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Images: Photo Gallery: Marine recruits get fit on Parris Island obstacle course [Image 1 of 6]

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Photo Gallery: Marine recruits get fit on Parris Island obstacle course

Sgt. Diego Hernandez, a drill instructor for Platoon 1016, Charlie Company, 1st Recruit Training Battalion, motivates Rct. Andres Molina Maturino, Platoon 1021, as he struggles to heave himself over a bar Feb. 6, 2014, on Parris Island, S.C. Recruits attempt the course at least four times during training to improve their strength and stamina. Developing overall physical strength is paramount in boot camp, for recruits will be expected to uphold high fitness standards as Marines. Hernandez, 27, is from Passaic, N.J. Molina Maturino is a 20-year-old from LaBelle, Fla., and is scheduled to graduate April 4, 2014. (Photo by Cpl. Octavia Davis)



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Public Domain Mark
This work, Photo Gallery: Marine recruits get fit on Parris Island obstacle course [Image 1 of 6], by Cpl Octavia Davis, identified by DVIDS, is free of known copyright restrictions under U.S. copyright law.

Date Taken:02.06.2014

Date Posted:02.14.2014 10:57

Photo ID:1167648

VIRIN:140206-M-RV272-143

Resolution:3840x5760

Size:7.47 MB

Location:PARRIS ISLAND, SC, USGlobe

Hometown:LABELLE, FL, US

Hometown:PASSAIC, NJ, US

Gallery Images

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  • Sgt. Jevaughn Daye, a drill instructor for Platoon 3018, Kilo Company, 3rd Recruit Training Battalion, encourages a recruit to push forward on an obstacle course Jan. 16, 2014, on Parris Island, S.C. The course is a tool used by drill instructors such as Daye, 25, from, St. Mary, Jamaica, to condition recruits mentally and physically and was designed to improve their balance, coordination and physical strength. Kilo Company is scheduled to graduate March 14, 2014. Parris Island has been the site of Marine Corps recruit training since Nov. 1, 1915. Today, approximately 20,000 recruits come to Parris Island annually for the chance to become United States Marines by enduring 13 weeks of rigorous, transformative training. Parris Island is home to entry-level enlisted training for 50 percent of males and 100 percent of females in the Marine Corps. (Photo by Cpl. Caitlin Brink)
  • Recruits of Papa Company, 4th Recruit Training Battalion, watch Sgt. Patricia Aliff, a drill instructor for Platoon 4012, demonstrate a Confidence Course obstacle Feb. 19, 2014, on Parris Island, S.C. Recruits were shown proper technique for completing each of the course’s 15 obstacles designed to test their strength and build their self-confidence. Aliff, 28, is from Harrisonburg, Va. Papa Company is scheduled to graduate April 25, 2014. Parris Island has been the site of Marine Corps recruit training since Nov. 1, 1915. Today, approximately 20,000 recruits come to Parris Island annually for the chance to become United States Marines by enduring 13 weeks of rigorous, transformative training. Parris Island is home to entry-level enlisted training for 50 percent of males and 100 percent of females in the Marine Corps. (Photo by Cpl. Caitlin Brink)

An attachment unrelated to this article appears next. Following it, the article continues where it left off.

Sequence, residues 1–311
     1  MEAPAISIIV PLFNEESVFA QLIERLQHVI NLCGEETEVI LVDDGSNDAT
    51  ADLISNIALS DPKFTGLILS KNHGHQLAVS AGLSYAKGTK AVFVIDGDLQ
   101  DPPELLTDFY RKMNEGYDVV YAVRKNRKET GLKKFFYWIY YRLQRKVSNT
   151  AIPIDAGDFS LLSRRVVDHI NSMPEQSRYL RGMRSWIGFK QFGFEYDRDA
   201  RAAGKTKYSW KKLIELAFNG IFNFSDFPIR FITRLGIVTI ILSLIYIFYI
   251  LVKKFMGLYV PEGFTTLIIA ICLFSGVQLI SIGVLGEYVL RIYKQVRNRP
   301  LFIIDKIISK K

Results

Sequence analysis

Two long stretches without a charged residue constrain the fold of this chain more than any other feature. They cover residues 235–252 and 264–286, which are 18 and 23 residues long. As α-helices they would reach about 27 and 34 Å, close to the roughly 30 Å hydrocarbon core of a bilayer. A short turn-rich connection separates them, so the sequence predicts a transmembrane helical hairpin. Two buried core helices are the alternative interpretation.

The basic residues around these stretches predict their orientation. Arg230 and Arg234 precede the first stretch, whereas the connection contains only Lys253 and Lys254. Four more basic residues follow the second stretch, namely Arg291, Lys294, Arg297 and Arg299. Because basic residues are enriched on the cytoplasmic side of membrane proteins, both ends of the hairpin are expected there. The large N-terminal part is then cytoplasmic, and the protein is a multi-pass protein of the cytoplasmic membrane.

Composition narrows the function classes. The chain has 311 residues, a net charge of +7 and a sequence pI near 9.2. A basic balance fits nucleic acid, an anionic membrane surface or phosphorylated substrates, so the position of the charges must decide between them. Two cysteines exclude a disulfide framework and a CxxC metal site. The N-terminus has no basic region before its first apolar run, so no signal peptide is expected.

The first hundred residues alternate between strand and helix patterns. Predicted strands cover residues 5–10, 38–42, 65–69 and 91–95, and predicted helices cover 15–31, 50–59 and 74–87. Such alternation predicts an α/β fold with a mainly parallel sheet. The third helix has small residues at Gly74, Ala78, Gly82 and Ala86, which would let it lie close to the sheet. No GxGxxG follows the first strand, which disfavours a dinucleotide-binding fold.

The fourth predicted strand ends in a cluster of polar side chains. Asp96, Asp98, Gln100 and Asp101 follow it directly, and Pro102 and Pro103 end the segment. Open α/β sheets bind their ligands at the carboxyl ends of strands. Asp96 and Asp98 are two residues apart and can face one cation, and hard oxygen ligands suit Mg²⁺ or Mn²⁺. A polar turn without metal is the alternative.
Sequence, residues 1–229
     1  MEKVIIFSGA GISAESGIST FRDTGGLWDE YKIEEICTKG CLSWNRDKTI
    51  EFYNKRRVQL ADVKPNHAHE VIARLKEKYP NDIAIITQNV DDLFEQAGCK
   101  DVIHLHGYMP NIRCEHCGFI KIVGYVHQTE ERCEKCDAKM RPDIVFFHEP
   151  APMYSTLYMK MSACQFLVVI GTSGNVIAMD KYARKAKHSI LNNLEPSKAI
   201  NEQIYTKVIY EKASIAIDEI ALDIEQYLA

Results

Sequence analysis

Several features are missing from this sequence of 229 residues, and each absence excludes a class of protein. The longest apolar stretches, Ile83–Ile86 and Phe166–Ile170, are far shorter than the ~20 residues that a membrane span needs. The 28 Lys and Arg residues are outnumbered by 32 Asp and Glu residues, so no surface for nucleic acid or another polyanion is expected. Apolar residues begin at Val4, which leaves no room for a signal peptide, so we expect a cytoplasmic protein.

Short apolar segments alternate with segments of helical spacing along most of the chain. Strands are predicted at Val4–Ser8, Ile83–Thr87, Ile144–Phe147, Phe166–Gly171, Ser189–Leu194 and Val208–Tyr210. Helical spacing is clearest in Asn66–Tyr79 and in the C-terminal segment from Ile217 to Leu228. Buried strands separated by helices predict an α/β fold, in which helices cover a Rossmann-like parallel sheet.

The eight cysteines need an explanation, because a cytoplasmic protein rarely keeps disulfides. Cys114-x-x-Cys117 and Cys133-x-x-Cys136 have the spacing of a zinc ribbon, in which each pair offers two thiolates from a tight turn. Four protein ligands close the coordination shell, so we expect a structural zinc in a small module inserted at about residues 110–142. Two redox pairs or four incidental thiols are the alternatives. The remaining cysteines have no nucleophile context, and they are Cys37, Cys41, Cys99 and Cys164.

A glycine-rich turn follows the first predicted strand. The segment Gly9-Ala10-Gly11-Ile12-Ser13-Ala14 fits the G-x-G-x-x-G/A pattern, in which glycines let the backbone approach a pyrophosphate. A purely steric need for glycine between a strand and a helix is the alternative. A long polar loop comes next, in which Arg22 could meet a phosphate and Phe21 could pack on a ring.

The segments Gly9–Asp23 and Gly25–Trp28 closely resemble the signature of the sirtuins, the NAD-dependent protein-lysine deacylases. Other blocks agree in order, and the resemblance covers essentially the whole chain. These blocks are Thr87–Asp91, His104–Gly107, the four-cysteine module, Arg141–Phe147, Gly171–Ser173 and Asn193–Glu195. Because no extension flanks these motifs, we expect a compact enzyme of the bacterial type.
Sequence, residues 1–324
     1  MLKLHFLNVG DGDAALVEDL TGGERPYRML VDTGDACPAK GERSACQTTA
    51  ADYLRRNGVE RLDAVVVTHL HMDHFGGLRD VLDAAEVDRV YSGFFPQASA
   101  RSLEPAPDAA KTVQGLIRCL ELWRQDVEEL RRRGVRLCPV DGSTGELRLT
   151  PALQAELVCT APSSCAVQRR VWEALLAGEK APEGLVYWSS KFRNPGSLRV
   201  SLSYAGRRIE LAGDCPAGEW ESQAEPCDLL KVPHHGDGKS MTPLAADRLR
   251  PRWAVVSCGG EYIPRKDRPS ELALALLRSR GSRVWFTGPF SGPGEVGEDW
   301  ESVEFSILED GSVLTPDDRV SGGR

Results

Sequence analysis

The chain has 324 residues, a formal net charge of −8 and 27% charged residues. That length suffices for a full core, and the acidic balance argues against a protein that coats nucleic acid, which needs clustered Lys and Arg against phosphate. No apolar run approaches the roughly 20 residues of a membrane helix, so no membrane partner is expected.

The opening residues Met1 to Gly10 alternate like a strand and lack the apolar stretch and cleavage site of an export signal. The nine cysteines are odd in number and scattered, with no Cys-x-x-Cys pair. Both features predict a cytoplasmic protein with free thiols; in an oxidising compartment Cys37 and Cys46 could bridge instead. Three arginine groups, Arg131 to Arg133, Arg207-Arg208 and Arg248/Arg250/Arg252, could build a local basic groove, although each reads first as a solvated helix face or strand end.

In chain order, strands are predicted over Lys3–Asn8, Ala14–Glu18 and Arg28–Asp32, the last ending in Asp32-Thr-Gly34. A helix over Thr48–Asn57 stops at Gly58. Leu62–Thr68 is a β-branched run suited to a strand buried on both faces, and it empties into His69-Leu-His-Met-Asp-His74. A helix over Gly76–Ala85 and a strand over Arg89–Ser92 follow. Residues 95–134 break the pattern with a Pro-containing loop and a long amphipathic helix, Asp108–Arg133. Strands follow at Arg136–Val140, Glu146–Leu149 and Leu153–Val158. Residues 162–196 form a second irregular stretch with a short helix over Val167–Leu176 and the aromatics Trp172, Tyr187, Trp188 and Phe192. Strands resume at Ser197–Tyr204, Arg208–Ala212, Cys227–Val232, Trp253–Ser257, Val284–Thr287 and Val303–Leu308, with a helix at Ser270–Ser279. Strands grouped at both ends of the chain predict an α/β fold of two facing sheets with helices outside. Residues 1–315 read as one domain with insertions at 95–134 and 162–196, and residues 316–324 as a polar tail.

• Sgt. Jevaughn Daye, a drill instructor for Platoon 3018, encourages Rct. Justin Tignor, Platoon 3017, Kilo Company, 3rd Recruit Training Battalion, to tackle an obstacle course with intensity Jan. 16, 2014, on Parris Island, S.C. Drill instructors like Daye, 25, from St. Mary, Jamaica, are responsible for ensuring recruits can meet the Marine Corps’ high physical fitness standards. The course is used to condition recruits mentally and physically and was designed to improve their balance, coordination and physical strength while exposing them to the types of obstacles they may face in a battle zone. Tignor, 19, from Marysville, Ohio, is scheduled to graduate March 14, 2014. Parris Island has been the site of Marine Corps recruit training since Nov. 1, 1915. Today, approximately 20,000 recruits come to Parris Island annually for the chance to become United States Marines by enduring 13 weeks of rigorous, transformative training. Parris Island is home to entry-level enlisted training for 50 percent of males and 100 percent of females in the Marine Corps. (Photo by Cpl. Caitlin Brink)
  • Rct. Jose Molina, Platoon 3032, Mike Company, 3rd Recruit Training Battalion, practices punching March 20, 2014, on a Marine Corps martial arts endurance course on Parris Island, S.C. The course is designed to improve recruits’ endurance and hone their Marine Corps martial arts skills. Physical training tools, such as this course, help prepare recruits for their physical fitness and combat fitness tests, which are graduation requirements. Molina, 22, from Leland, N.C., is scheduled to graduate May 23, 2014. Parris Island has been the site of Marine Corps recruit training since Nov. 1, 1915. Today, approximately 20,000 recruits come to Parris Island annually for the chance to become United States Marines by enduring 13 weeks of rigorous, transformative training. Parris Island is home to entry-level enlisted training for 50 percent of males and 100 percent of females in the Marine Corps. (Photo by Cpl. Caitlin Brink)

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